In a session entitled “They Lived. And So Did We! Lessons in Change Management with IT and Faculty” we were led through a case study on change storytelling based on the University of Michigan’s deployment of a large-scale centralization of IT. Laurel Barnes and Emily Fuentes offered useful insights into how their change story benefited from two key elements – an extensive validation process with faculty (to drive out the “IT-speak”) and the development of a set of principles which contributed to sense-making in the various faculties and services.
Brené Brown drove home the story theme in stating that “story is king”. She connected its importance to neuroscience, explaining that the brain is chemically rewarded for processing stories (like the feeling when you finally understand something complicated and have an “aha” moment). She cautioned however, that the brain provides this chemical reward for a story regardless of whether it’s true or not – reinforcing the importance of a strong, visible and timely communications approach to support change.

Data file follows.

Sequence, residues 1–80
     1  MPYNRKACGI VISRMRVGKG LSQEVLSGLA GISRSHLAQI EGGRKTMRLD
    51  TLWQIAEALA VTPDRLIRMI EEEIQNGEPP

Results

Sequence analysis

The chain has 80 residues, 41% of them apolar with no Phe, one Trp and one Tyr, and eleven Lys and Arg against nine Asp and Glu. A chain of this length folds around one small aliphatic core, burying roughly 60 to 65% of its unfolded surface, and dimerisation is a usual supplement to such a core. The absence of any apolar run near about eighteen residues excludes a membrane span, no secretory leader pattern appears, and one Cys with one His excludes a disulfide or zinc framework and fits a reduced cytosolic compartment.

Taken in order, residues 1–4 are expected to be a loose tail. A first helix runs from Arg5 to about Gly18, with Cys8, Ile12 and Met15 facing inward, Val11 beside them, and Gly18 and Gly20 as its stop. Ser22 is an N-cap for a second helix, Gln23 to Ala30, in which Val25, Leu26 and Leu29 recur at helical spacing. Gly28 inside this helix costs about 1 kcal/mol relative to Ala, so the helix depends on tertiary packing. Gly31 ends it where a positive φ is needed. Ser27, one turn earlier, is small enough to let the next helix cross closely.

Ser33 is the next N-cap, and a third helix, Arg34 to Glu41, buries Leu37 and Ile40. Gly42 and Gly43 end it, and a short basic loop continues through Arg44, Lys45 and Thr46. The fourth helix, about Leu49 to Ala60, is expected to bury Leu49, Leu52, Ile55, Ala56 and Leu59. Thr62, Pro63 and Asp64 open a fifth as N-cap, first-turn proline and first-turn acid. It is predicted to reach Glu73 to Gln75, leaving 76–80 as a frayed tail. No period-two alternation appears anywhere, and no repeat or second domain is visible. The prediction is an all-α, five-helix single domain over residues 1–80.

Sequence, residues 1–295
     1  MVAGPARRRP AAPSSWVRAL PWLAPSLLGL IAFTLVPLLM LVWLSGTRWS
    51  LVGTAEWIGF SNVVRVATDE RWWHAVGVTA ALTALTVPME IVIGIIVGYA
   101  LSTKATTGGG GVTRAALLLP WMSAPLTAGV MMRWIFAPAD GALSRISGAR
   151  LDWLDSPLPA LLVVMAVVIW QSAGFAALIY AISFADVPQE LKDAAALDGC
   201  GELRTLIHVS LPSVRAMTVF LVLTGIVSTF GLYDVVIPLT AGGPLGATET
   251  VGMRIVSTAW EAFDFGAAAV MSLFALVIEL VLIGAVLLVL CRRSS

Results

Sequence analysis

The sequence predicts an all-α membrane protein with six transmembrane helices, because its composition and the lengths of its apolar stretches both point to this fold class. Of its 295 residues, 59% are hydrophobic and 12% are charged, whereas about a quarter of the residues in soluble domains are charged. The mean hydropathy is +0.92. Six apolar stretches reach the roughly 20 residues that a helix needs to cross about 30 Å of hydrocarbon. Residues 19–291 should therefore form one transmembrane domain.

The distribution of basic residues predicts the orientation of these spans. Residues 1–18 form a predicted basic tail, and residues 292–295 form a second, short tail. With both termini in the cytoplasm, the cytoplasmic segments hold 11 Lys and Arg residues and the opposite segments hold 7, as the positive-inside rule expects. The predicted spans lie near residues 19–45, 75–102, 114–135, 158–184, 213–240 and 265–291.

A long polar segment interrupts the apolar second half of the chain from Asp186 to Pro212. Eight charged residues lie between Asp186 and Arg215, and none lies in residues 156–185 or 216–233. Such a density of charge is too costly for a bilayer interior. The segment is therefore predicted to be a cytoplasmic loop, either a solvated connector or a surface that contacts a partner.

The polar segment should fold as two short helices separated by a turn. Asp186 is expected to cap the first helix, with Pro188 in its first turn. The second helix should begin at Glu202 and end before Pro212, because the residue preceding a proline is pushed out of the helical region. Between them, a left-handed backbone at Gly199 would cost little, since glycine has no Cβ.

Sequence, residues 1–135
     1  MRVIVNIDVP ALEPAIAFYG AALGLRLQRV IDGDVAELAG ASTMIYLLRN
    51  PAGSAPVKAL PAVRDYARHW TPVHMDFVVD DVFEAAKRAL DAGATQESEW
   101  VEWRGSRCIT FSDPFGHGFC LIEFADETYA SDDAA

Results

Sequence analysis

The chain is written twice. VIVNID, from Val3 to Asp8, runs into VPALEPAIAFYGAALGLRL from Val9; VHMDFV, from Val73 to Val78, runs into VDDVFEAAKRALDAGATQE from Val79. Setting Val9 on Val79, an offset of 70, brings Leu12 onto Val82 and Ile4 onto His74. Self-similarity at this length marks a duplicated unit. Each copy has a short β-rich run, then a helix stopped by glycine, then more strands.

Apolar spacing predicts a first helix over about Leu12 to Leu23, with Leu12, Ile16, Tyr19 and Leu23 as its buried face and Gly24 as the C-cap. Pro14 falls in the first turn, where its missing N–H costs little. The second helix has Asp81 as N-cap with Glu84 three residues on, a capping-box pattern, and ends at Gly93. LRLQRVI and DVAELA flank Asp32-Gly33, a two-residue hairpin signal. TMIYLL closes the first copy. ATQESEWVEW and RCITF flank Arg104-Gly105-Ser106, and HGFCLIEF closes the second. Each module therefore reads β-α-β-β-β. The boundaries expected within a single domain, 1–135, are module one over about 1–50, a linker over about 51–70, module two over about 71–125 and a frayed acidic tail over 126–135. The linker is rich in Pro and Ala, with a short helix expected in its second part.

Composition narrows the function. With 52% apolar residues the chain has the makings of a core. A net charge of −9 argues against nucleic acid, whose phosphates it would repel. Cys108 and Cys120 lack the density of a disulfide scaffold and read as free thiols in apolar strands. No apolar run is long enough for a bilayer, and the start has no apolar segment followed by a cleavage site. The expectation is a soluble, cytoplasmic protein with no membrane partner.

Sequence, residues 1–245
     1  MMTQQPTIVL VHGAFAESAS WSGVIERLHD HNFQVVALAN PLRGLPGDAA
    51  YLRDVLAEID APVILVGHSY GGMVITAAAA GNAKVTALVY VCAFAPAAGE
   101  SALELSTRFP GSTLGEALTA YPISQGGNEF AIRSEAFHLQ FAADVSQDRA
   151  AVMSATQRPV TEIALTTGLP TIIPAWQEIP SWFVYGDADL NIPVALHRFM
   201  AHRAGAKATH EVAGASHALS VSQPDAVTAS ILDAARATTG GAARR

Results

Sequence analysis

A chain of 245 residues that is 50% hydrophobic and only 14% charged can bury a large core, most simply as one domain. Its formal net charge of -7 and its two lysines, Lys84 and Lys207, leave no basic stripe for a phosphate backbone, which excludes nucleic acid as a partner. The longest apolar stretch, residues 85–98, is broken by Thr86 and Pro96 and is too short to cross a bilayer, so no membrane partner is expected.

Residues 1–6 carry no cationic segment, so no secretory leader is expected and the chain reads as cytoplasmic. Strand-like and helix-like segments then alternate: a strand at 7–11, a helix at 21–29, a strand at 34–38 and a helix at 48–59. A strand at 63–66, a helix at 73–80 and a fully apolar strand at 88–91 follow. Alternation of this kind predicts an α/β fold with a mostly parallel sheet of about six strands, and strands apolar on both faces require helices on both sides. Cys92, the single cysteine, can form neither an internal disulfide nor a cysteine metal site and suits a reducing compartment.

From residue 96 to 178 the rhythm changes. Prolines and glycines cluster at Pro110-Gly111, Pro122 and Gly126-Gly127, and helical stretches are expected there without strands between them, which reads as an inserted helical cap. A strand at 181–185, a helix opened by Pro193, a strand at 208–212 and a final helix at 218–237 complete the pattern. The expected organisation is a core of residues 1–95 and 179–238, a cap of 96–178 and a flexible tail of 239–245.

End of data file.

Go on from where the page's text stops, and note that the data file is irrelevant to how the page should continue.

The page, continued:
She wisely counseled “In the absence of data, we will always make up a story… when faced with something hard, emotion gets the first crack at understanding and making sense of a change.
I was truly impressed with the caliber of conference content related to measurement.
Xavier Garcia-Weibel presented an informative case study on Swisscom’s Customer-Centricity Score designed as an inside-out companion tool to the more traditional outside-in Net Promoter Score. Xavier generously shared his scoring tool, and introduced participants to Swisscom’s www.looping.com open source product – a free resource the company has made available for prototyping ideas. The workshop was the first time I’ve been exposed to a learning session that begins with a guided meditation, and ends with metrics!
In a thought-provoking session entitled “Is There Ever Change in Washington”, Victoria Grady introduced a fascinating instrument for measuring “attachment objects” which can be used as stabilizers in a time of change. These objects include senior leadership, manager, vision, information and skills. Along with her panelists, Dr. Grady walked us through various examples of scores from government departments, comparing employee survey data with responses on an “attachment” score – illustrating the method of designing specific change initiatives based on what matters to employees, as opposed to relying on what change leaders may think staff perceive as significant.